```{css, echo=FALSE} body .main-container { max-width: 1024px !important; width: 1024px !important; } body { max-width: 1024px !important; }
```r library(archetypal) library(rmarkdown) knitr::opts_chunk$set(echo = TRUE) options(max.width = 1000) options(max.print = 100000)
Archetypal Analysis (AA) is different from Cluster Analysis (CA) because it focus on the extreme points that usually are closer to the Convex Hull (CH) and not inside the cloud of points as in CA or other centroid analyses.
Here we implement a view which is common in Econometrics. The usual data frame "df" is a matrix Y with dimension $n \times d$, where n is the number or rows--observations and d is the number of variables or the dimension of the relevant Linear Space $R^n$.
The output of our AA algorithm gives matrices A, B such that: $$ Y\sim\,A\,B\,Y $$ or if we want to be more strict our $kappas\times\,d$ matrix of archetypes $B\,Y$ is such that next squared Frobenius norm is minimum $$ SSE=\|Y-A\,B\,Y \|^2 = minimum $$ A ($n\times\,kappas$) and B ($kappas\times\,n$ ) are row stochastic matrices. We also define the Variance Explained as next: $$ varexpl=\frac{SST-SSE}{SST} $$ with SST the total sum of squares for elements of Y.
It is a suitable modification of PCHA algorithm, see [1], [2], which uses data frames without transposing them and has full control to all external and internal parameters of it.
Lets first create some 2D points that will certainly be a convex combination of three outer points:
library(archetypal) p1=c(1,2);p2=c(3,5);p3=c(7,3) dp=rbind(p1,p2,p3);dp set.seed(9102) pts=t(sapply(1:100, function(i,dp){ cc=runif(3) cc=cc/sum(cc) colSums(dp*cc) },dp)) df=data.frame(pts) colnames(df)=c("x","y") head(df)
Data frame dp is the three points of the outer triangle and df is our data set for AA, lets plot all:
plot(dp,pch=3,cex=2,xlab='x',ylab='y',xlim=c(min(dp[,1])-0.25,max(dp[,1])+0.25),ylim=c(min(dp[,2])-0.25,max(dp[,2])+0.25)) points(df,col='blue',pch=19,cex=0.7) polygon(rbind(dp,dp[1,]),lty=2)
The above mentioned data frame "df" can be loaded as:
# data("wd2") # df=wd2
Since number of archetypes is kappas=3 due to the construction we run "archetypal" function with three archetypes:
aa = archetypal(df = df, kappas = 3, verbose = TRUE, rseed = 9102, save_history = TRUE)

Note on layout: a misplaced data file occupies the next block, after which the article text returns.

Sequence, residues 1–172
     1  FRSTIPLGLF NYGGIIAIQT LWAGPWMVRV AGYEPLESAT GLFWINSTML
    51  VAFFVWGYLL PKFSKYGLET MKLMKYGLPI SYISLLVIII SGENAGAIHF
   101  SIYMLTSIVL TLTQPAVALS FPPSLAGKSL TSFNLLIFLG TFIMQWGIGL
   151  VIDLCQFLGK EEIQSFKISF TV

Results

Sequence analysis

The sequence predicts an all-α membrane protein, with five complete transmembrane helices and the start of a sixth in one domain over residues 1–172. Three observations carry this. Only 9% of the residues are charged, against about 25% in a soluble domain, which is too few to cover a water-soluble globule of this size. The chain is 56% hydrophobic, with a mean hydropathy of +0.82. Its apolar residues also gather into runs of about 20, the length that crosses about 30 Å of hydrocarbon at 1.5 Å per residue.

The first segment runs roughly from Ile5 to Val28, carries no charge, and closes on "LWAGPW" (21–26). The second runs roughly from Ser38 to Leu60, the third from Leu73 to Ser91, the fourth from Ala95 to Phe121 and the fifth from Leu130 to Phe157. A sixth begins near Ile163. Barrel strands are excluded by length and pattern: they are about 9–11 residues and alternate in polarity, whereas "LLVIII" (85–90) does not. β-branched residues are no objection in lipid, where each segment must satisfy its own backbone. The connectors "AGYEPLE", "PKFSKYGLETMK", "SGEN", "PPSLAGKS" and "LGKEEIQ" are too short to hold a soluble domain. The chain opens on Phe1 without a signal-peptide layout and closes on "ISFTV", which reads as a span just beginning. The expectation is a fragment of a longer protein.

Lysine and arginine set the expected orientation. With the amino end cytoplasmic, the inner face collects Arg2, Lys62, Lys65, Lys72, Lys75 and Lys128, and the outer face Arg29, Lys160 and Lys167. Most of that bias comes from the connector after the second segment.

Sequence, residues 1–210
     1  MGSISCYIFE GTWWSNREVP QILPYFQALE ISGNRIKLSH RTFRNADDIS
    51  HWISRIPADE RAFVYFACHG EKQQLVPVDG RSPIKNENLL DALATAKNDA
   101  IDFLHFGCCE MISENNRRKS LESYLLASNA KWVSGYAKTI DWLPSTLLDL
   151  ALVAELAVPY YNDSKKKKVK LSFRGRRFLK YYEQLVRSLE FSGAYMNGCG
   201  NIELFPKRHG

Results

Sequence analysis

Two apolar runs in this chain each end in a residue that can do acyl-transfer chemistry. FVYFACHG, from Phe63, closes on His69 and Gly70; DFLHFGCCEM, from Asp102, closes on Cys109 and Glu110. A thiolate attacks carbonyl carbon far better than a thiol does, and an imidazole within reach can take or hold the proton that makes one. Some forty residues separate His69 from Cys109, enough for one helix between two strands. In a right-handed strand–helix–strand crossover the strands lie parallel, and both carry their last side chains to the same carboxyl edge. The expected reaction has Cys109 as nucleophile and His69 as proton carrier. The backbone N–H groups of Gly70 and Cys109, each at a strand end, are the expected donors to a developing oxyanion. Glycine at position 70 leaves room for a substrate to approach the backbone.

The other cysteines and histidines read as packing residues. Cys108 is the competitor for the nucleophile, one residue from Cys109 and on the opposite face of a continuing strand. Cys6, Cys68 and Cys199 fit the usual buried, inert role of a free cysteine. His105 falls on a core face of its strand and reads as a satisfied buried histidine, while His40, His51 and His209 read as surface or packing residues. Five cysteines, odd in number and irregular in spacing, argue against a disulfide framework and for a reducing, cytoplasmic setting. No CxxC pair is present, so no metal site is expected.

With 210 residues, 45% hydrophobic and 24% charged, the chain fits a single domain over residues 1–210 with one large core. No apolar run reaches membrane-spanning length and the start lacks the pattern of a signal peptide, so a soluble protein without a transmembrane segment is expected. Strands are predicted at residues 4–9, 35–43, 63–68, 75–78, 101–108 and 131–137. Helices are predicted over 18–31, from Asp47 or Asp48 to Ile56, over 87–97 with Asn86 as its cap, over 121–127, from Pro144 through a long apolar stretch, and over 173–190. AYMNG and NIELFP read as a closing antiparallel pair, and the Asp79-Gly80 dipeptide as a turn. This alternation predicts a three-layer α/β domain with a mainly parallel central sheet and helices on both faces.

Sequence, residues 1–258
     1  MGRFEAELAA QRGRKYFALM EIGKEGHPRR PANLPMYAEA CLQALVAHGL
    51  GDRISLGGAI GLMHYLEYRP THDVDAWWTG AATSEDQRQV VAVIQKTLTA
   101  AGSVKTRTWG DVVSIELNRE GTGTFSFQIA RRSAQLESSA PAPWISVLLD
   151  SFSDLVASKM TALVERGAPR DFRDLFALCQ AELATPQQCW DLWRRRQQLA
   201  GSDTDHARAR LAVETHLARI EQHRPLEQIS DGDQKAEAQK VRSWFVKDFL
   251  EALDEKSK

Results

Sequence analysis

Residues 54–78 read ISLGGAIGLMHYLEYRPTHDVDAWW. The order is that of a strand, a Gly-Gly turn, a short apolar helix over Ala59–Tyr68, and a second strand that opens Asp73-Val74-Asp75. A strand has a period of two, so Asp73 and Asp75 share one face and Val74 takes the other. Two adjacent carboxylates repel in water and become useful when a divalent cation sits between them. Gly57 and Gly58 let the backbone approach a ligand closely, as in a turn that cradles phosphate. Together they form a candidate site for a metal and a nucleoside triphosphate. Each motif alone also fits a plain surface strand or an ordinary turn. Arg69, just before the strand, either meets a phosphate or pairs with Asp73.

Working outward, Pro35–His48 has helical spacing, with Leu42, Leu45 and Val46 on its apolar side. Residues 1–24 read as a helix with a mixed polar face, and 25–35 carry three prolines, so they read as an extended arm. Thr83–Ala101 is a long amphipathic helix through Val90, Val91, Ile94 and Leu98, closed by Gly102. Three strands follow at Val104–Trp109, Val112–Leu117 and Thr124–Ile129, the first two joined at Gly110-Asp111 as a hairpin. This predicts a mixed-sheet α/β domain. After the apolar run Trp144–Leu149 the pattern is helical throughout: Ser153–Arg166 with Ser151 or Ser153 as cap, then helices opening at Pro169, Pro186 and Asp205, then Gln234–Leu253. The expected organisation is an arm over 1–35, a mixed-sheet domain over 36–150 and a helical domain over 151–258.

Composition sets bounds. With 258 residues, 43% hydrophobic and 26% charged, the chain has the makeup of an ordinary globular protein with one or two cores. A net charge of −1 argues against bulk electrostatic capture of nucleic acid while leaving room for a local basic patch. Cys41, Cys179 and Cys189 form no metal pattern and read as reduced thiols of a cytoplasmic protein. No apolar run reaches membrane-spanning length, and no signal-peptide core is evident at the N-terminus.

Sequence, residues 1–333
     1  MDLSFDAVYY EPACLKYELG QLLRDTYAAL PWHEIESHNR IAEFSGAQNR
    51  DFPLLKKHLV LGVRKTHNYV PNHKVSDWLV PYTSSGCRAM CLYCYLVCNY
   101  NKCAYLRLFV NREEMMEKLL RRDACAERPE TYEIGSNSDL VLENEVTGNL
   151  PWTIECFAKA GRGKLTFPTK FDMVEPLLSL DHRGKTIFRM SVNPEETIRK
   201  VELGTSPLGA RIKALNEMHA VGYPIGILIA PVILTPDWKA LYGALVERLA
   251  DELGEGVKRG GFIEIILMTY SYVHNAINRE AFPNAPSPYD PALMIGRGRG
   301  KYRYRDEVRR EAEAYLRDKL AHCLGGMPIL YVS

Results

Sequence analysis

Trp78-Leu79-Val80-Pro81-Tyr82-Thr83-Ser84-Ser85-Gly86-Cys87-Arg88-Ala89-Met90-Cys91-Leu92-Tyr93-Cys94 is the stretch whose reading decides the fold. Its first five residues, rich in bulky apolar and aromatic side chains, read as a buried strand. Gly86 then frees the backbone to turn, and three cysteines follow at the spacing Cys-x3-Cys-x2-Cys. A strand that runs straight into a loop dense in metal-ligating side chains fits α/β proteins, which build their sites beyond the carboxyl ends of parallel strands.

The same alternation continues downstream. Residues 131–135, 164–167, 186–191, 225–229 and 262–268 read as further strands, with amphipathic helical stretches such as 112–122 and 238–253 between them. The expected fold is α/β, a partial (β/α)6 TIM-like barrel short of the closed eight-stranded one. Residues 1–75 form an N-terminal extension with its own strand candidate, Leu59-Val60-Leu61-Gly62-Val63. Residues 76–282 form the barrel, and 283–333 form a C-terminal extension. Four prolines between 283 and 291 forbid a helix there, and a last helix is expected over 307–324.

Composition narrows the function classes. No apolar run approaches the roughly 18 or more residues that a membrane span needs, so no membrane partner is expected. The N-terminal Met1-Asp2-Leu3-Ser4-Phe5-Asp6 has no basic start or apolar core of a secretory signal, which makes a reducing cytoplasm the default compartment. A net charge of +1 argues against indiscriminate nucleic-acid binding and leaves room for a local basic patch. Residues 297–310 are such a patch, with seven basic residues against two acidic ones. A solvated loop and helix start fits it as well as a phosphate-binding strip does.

What is the result? A list with names:
names(aa)
More specifically:
BY is the archetypes as matrix, each row is an archetype
A, B matrices, SSE and varexpl as they were defined in (AA)
initialsolution gives the rows that were used as initial points in algorithm
freqstable is a frequency table for all candidate initial points found
iterations are the number of main iterations done by algorithm
time is the seconds elapsed for the entire process
converges is a TRUE/FALSE flag to inform us if convergence criteria were achieved before the maximum iterations (default=2000) reached
nAup, nAdown, nBup, nBdown are for deep inspection of PCHA algorithm
run_results is a list with "iterations" lists each one having next components:
The archetypes are indeed on the outer boundary, more precisely they form a principal convex hull of data points:
plot(dp,pch=3,cex=2,xlab='x',ylab='y',xlim=c(min(dp[,1])-0.25,max(dp[,1])+0.25),ylim=c(min(dp[,2])-0.25,max(dp[,2])+0.25)) points(df,col='blue',pch=19,cex=0.7) polygon(rbind(dp,dp[1,]),lty=2) archs=data.frame(aa$BY) points(archs,col='blue',pch=15,cex=2) polygon(rbind(archs,archs[1,]),col=rgb(0, 0, 1,0.5))
If you observe a little bit more the above Figure, then you'll see that the inner triangle is approximately similar to the outer one, which is the true solution, although not present inside the data set.
Lets plot the convergence process for SSE and all iterations:
vsse=aa$run_results$SSE plot(vsse,xlab="Iteration",ylab="SSE",pch=19, col="blue",type="b") grid()
It seems that all the "hard work" has been done during the first 30 iterations.
But we can check the quality of our solution. Look how the final archetypes are precisely being created from data points and what are the relevant used weights for that task:
BB=aa$B yy=check_Bmatrix(B = BB, chvertices = NULL, verbose = TRUE) # yy$used_rows # yy$used_weights
What is exactly the CH of our data set? We can use the "chull" function and find it since it is a 2D data set:
ch=chull(df) ch df[ch,]
So our used rows in AA indeed belong to CH:
yy$used_rows unlist(yy$used_rows)%in%ch
Question Can we further decrease the computation time?
Answer Yes, if we use cleverly the B matrix
Lets plot the final used points:
plot(dp,pch=3,cex=2,xlab='x',ylab='y',xlim=c(min(dp[,1])-0.25,max(dp[,1])+0.25),ylim=c(min(dp[,2])-0.25,max(dp[,2])+0.25)) points(df,col='blue',pch=19,cex=0.7) polygon(rbind(dp,dp[1,]),lty=2) archs=data.frame(aa$BY) points(archs,col='blue',pch=15,cex=2) pp=lapply(yy$used_rows,function(x,df){points(df[x,],col='red',type='b',pch=19);lines(df[x,],col='red',lwd=2)},df)
Watch now that the final archetypes are points "somewhere" on the line segments connecting the final used points, with weights given by function "check_Bmatrix()". From the relevant weights we observe that archetypes are closer to the first points of every list element, so it is reasonable to try as initial solution the vector of rows c(34,62,86), because they have the greatest weights:
aa2=archetypal(df=df,kappas = 3,initialrows = c(34,62,86), verbose = TRUE,rseed=9102,save_history = TRUE) yy2=check_Bmatrix(aa2$B,verbose = TRUE)
The same solution as before, but with 44 instead of 63 iterations!